______________________________________           before                 after______________________________________PM 2102 E lateral  9.9%    9.4%PM 9727 B lateral 14.8%   14.7%______________________________________

These results, which both correspond to the users' specifications, show a very good stability after the heat cycles. In addition, no modification of the appearance of the crystal was found when it was observed through the window. Similarly, shock tests up to 700 g showed an insignificant change in the resolution before and after the test and no change of appearance. In comparison, scintillators manufactured with traditional methods showed after the above tests at least breakaways between the crystal and its window and even, during shock tests, breakages of the crystals with the consequence, obviously, of an unacceptable deterioration of the signal provided by the photo-multiplier when it is subjected to a given ionizing radiation.

The method of manufacture of the scintillator according to the invention which has just been described is only an example, and one would not be going outside the framework of the invention if one changed the dimensions or the values of the above parameters. An order of magnitude should, however, be respected: it is important, if one wishes to resist a given acceleration γ, to exert during the conditioning of the crystal a force of the same order a that to which it will be subjected during the acceleration in question. Thus, with the crystal of NaI(T1) shown in FIG. 1, which is intended to stand up to accelerations of the order of 700 g (g: acceleration of gravity: 9.8 m/sec2) and which has a mass of 510 grams, the maximum pressure which is exerted on it (19700 hectopascals, or 20.1 kgf/cm2) corresponds--given the surface of the piston 26 which is 17.7 cm2 --to a force:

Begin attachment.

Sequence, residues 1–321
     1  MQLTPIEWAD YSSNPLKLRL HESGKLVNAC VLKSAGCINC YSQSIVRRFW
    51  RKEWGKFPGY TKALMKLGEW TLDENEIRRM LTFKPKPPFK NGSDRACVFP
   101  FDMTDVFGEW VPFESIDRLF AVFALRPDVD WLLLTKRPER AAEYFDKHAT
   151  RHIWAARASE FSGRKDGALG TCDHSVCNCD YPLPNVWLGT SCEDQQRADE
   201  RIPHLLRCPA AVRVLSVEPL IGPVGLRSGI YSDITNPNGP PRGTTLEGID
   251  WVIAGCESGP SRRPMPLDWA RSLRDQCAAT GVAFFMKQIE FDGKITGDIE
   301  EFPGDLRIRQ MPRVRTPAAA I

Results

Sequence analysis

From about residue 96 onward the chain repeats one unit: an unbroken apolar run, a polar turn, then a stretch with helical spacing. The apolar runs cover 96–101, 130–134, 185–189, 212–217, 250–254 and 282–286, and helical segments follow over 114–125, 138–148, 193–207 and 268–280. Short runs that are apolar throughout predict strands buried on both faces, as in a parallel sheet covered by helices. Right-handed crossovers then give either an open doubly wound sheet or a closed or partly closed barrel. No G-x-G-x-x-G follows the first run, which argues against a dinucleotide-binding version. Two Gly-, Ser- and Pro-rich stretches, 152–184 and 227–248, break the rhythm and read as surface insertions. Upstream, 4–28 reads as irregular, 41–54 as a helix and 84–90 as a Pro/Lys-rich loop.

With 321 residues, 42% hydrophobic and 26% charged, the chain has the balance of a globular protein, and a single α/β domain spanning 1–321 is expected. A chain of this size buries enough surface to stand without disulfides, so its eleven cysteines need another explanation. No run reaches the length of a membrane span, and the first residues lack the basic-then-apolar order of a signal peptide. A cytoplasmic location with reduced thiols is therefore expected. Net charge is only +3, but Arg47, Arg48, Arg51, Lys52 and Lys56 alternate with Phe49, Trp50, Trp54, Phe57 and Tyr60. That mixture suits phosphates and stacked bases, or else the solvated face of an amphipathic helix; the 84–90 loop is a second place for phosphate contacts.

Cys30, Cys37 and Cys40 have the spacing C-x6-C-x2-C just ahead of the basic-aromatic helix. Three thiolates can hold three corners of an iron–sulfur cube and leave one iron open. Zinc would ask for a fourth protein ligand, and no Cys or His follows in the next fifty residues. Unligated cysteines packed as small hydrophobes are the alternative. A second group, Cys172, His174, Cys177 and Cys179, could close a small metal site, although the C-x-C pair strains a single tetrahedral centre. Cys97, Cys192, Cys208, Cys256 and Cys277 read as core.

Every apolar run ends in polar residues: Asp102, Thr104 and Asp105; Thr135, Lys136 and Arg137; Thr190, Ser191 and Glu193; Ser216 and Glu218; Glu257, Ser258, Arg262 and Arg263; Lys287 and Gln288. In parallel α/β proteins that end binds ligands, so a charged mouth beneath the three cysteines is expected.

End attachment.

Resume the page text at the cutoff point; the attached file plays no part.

f=PS=20.117.7=355.8 kgf


9.8355.8 =3704.4 newtons,

the acceleration which corresponds to it in the formula ##EQU1## which is over 700 g.

The technique of the invention, limited in the example to accelerations of 700 g because of the limits due to the deformation of the case, makes it possible to achieve a resistance to even more violent shocks, such as for example 1000 g, on condition of respecting the previously stated rule. Thus, supposing that the mechanical resistance of the previous case is improved by increasing the thickness of its walls, a resistance to 1000 g can be obtained on condition of increasing the pressure, during the last phase of the conditioning of the crystal, up to 27000 hectopascals (instead of 19700). Similarly, the permanent pressure, obtained through the spring washers which, in a general manner, makes it possible to exert on the crystal a force at least equal to three quarters of the maximum force felt by the crystal in its extreme conditions of employment, it also reinforced in this case. Obviously, numerous modifications and variations of the present invention are possible in light of the above teachings. It is therefore to be understood that within the scope of the appended claims, the invention may be practiced otherwise than as specifically described herein.

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U.S. Classification250/368, 250/361.00R, 250/483.1
International ClassificationC08L27/18, G01T1/202, G01T1/20, C08L27/12
Cooperative ClassificationG01T1/2002
European ClassificationG01T1/20A
Legal Events
Mar 23, 1993ASAssignment
Effective date: 19930307
Sep 9, 1997REMIMaintenance fee reminder mailed
Feb 1, 1998LAPSLapse for failure to pay maintenance fees
Apr 14, 1998FPExpired due to failure to pay maintenance fee
Effective date: 19980204